WASHINGTON, DC — Parents and caregivers will soon be reminded to check for children in rear seats, thanks to an automaker-led voluntary commitment to add rear seat reminder systems to new vehicles. This announcement is the industry’s latest effort to help enhance child safety, and expands upon widespread efforts to increase public awareness regarding the dangers of leaving children alone in a vehicle.
Under this commitment, automakers will innovate by introducing a wide range of approaches to help parents and caregivers remember to check the back seat as they leave a vehicle. At a minimum, these prompts will include a combination of auditory and visual alerts that will activate after a driver turns off the vehicle. With this pledge, the auto industry commits to having the rear seat reminder feature in essentially all cars and trucks by Model Year 2025 or sooner.
“Automakers have been exploring ways to address this safety issue and this commitment underscores how such innovations and increased awareness can help children right now,” said Alliance Interim President and CEO David Schwietert. “Automakers have come together to develop a pathway forward, which not only incorporates existing systems, but also supports new, innovative approaches.”
John Bozzella, President and CEO of Global Automakers said “Children die each year from heatstroke suffered when left unattended in the back seat of passenger vehicles. As most of these deaths are caused by children being unintentionally left in vehicles, our members are taking action to help prevent these tragic losses by adding rear-seat reminder systems to prompt parents and caregivers to check the back seat before exiting their car.”
Members of the Alliance of Automobile Manufacturers and the Association of Global Automakers, which account for nearly 100 percent of the U.S. light-duty vehicle sales, worked together to establish the voluntary commitment that will give new car buyers access to the safety features faster than would have been possible under a government rulemaking process. Such rulemaking efforts traditionally take four to eight years to finalize.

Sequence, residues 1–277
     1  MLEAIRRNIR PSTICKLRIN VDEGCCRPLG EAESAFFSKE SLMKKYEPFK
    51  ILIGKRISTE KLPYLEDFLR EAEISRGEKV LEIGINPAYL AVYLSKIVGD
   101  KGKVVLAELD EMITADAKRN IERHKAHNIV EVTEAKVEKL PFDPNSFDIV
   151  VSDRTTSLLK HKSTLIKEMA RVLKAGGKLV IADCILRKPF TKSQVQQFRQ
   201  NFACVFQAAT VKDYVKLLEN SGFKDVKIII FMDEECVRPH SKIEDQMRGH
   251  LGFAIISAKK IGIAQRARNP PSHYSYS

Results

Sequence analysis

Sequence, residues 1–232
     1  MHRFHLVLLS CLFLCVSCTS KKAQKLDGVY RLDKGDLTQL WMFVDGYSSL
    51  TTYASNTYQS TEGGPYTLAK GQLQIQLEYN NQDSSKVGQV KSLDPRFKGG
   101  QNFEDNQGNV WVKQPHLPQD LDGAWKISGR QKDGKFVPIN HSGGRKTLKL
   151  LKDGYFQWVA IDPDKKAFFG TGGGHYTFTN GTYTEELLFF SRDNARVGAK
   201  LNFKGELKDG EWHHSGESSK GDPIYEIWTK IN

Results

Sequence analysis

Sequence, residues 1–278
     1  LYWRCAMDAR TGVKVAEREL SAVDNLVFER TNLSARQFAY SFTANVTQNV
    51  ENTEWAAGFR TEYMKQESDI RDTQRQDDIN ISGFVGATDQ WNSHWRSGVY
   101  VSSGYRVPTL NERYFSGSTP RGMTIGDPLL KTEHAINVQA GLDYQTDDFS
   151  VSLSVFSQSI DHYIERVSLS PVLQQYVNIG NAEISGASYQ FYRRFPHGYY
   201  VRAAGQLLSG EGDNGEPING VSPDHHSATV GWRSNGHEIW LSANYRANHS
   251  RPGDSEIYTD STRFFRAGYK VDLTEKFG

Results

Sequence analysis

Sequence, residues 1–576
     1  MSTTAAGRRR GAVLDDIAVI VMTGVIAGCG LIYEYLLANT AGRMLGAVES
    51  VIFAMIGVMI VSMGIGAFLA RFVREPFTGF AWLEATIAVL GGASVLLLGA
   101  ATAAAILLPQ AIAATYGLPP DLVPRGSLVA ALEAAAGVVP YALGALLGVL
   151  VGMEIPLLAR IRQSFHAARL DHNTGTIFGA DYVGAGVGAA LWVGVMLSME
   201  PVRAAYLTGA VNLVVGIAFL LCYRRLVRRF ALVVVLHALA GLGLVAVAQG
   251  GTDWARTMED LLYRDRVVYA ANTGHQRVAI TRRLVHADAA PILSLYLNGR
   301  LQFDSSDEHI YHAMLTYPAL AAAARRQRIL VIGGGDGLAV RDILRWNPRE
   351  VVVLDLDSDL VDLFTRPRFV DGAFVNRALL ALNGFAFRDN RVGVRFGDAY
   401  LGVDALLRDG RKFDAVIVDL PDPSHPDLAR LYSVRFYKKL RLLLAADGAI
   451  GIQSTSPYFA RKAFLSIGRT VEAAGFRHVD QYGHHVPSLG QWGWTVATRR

While individual automakers have committed to roll out the new features soon, it is important for parents and caregivers to know that it is never okay to leave a child alone in a vehicle. Raising public awareness about the danger related to leaving children in vehicles is absolutely critical to help prevent heatstroke fatalities.
As part of its continued public awareness and education campaign, industry leaders have aligned with other organizations to encourage the public to “Look Before You Lock.”
- It’s never okay to leave a child alone in a vehicle for any length of time. It only takes 10 minutes for a vehicle’s interior temperature to rise nearly 20 degrees, and a child’s body heats up three to five times faster than an adult’s.
- If you see a child alone in a car, call 911. Emergency personnel want you to call. They are trained to respond to these situations. One call could save a life.
Although this individual commitment by automakers applies to new vehicles in the future, there are also several cell phone apps available as well as some child car seats that include alarm features that can help remind drivers there’s a child in the vehicle.
For more information about heatstroke prevention, and to help spread awareness, visit: